Amazon.com Inc. this week began the Kindle Library Lending service in 11,000 U.S. public libraries.
The service, facilitated by Overdrive – a digital content solutions company, allows Kindle customers to download and borrow free books from local libraries.
Users can visit their participating local library website to view books available for lending to Kindle devices. When the checkout time limit is reached the book is removed from the Kindle device.
The Wall Street Journal in Sept. reported that Amazon is in discussions to offer a digital-book library to Amazon Prime members, which currently pay $79 for expedited shipping and access to Amazon Instant Video content services.
Amazon will offer publishers a fee for participation in the book subscription program, according to the report.
The e-book subscription service may be in preparation for a new Kindle tablet to be based on Google Inc.’s Android OS.
The DigiTimes in Aug. said Amazon’s 7-inch tablet PC will be supplied by Quanta Computer and is expected to start shipping this Oct.
Meanwhile, a 10.1-inch tablet to be supplied by Foxconn Electronics will be produced in the first quarter of 2012.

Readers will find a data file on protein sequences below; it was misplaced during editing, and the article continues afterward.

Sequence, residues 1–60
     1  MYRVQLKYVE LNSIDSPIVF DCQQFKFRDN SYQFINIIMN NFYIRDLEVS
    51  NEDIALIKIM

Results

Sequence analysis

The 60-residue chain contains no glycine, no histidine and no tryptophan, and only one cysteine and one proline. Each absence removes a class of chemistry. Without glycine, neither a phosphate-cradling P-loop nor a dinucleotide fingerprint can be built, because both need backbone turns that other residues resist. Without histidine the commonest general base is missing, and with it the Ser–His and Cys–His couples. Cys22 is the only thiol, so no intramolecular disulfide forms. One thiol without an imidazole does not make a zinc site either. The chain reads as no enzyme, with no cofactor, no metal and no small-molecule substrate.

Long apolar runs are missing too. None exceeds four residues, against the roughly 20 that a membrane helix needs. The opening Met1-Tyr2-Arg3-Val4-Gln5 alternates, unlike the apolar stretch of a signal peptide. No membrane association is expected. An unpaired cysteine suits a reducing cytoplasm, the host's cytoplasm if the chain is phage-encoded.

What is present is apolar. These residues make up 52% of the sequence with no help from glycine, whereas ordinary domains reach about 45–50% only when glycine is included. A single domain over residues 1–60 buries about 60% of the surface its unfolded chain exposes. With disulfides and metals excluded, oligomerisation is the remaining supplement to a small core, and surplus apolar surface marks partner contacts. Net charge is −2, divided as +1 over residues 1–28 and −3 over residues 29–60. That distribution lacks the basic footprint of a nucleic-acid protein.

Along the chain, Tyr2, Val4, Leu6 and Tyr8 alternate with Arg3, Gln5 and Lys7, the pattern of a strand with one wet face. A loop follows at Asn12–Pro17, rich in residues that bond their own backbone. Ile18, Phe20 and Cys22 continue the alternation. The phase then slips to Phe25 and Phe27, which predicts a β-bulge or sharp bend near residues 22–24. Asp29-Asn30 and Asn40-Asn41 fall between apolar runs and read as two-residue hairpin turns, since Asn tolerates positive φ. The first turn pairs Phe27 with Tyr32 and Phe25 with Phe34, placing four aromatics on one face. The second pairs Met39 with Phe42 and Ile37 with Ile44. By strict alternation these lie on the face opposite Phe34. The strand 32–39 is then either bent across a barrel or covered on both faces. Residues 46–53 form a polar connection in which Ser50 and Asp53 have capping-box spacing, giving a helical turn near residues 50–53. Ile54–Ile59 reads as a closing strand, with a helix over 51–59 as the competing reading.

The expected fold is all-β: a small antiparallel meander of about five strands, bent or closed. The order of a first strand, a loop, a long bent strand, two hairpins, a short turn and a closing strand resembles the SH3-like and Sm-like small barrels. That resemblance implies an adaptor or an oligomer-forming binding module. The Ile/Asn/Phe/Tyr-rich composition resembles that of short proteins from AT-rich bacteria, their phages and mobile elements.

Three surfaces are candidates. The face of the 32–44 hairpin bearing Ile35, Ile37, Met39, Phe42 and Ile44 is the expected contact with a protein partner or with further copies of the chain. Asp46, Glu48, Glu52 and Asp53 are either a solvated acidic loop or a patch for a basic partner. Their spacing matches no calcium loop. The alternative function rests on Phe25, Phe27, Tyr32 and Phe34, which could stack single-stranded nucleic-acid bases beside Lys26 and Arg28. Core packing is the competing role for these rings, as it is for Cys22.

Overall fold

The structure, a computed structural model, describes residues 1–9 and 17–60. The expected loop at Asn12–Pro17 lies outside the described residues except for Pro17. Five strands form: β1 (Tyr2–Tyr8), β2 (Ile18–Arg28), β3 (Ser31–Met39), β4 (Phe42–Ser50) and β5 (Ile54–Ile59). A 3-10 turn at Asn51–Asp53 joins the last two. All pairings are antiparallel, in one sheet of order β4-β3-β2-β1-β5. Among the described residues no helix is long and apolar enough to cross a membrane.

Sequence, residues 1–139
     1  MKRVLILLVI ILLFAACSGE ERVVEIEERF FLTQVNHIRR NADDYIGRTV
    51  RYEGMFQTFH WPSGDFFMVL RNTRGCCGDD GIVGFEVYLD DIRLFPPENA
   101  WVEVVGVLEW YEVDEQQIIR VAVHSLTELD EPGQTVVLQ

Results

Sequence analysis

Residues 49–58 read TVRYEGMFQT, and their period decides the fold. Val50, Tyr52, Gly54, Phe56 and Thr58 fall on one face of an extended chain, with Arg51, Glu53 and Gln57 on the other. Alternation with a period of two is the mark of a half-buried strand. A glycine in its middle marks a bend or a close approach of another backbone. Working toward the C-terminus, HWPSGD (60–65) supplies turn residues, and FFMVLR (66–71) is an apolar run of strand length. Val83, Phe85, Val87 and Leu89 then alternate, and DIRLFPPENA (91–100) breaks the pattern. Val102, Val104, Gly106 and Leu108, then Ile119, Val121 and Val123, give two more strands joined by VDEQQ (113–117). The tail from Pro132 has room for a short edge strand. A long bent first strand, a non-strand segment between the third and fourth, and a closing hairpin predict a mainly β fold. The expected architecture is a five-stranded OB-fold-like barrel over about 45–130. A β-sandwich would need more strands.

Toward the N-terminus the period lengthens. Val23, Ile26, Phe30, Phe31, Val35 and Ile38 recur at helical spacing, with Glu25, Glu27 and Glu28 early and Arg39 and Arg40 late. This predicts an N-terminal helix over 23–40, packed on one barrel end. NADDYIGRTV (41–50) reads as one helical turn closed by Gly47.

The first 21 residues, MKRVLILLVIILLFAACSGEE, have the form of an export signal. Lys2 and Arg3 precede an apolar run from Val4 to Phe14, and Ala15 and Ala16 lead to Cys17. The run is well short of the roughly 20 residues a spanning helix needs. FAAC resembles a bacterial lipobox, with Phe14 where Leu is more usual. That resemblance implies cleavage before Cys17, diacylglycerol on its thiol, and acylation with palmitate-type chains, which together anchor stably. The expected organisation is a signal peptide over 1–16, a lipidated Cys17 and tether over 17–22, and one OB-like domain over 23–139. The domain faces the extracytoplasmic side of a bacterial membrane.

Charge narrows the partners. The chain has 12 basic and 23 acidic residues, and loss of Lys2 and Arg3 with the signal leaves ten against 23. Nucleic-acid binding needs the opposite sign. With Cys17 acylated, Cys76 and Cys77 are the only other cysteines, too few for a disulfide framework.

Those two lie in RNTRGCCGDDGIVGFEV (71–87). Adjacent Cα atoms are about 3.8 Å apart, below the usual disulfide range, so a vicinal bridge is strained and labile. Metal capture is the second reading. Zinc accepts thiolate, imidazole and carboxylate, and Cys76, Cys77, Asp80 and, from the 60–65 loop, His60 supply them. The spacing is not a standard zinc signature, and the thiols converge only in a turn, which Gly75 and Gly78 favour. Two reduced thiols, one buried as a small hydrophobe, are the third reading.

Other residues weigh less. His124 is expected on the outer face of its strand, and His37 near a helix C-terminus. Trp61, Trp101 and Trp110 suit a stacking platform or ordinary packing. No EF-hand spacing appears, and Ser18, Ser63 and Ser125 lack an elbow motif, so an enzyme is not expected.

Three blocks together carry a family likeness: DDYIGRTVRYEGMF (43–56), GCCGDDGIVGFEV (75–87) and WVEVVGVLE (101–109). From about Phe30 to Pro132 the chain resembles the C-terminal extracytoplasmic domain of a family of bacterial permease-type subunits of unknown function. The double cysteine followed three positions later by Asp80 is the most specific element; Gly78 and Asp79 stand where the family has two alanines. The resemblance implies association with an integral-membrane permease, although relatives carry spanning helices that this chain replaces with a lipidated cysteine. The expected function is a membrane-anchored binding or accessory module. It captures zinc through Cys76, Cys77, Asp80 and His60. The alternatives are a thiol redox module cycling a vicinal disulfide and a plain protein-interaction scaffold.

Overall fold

Foxconn currently manufactures the popular Amazon Kindle e-reader.
Forrester Research Inc. this week said Amazon.com Inc. may sell up to five million tablets in the fourth quarter of 2011 should the company market a device at under $300 this fall.
Amazon is expected to enter the tablet market with a product said to be a few hundred dollars less than Apple Inc.’s iPad. It is expected to utilize Google Inc.’s Android OS.
The iPad, which currently dominates the tablet market at 30 million units sold, shipped 9.25 million units in the third quarter of 2011.
Market demand has been fickle for Android-based tablets. Products like the XOOM from Motorola Mobility Inc. and the Galaxy Tab from Samsung Group have failed to make a significant dent with consumers due to $400 to $600 price tags.
However, the clearance of HP Co.’s TouchPad device to $99.00 has proven consumers will purchase a tablet if the price is right.
Analysts expect a tablet from Amazon to sell between $249 and $349.